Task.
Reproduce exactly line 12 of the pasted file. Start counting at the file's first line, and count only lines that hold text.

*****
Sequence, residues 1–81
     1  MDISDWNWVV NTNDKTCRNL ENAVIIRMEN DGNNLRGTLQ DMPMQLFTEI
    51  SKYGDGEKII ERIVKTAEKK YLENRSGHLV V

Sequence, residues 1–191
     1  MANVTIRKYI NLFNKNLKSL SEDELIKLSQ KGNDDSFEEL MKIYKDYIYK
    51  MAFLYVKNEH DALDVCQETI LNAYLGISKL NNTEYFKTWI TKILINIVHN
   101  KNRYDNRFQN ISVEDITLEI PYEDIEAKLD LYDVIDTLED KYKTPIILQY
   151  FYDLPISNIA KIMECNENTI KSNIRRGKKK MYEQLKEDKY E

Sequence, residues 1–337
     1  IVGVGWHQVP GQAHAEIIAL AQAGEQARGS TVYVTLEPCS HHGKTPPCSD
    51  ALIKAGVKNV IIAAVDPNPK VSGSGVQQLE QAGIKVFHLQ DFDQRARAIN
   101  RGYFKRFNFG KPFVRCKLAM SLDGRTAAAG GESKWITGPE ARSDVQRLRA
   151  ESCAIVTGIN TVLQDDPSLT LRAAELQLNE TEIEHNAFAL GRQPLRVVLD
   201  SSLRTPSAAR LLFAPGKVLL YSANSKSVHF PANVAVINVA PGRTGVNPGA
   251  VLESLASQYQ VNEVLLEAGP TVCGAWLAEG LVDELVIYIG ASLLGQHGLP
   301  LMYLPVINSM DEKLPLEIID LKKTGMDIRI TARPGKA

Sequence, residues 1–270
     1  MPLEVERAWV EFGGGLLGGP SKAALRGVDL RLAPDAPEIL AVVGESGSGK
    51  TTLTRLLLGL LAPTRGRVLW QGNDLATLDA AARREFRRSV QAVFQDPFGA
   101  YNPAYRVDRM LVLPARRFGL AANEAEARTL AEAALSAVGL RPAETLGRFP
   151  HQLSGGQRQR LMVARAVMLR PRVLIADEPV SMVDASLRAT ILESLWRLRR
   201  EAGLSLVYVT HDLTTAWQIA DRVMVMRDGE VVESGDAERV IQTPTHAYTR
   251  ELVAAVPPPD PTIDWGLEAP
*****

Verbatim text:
   101  RGYFKRFNFG KPFVRCKLAM SLDGRTAAAG GESKWITGPE ARSDVQRLRA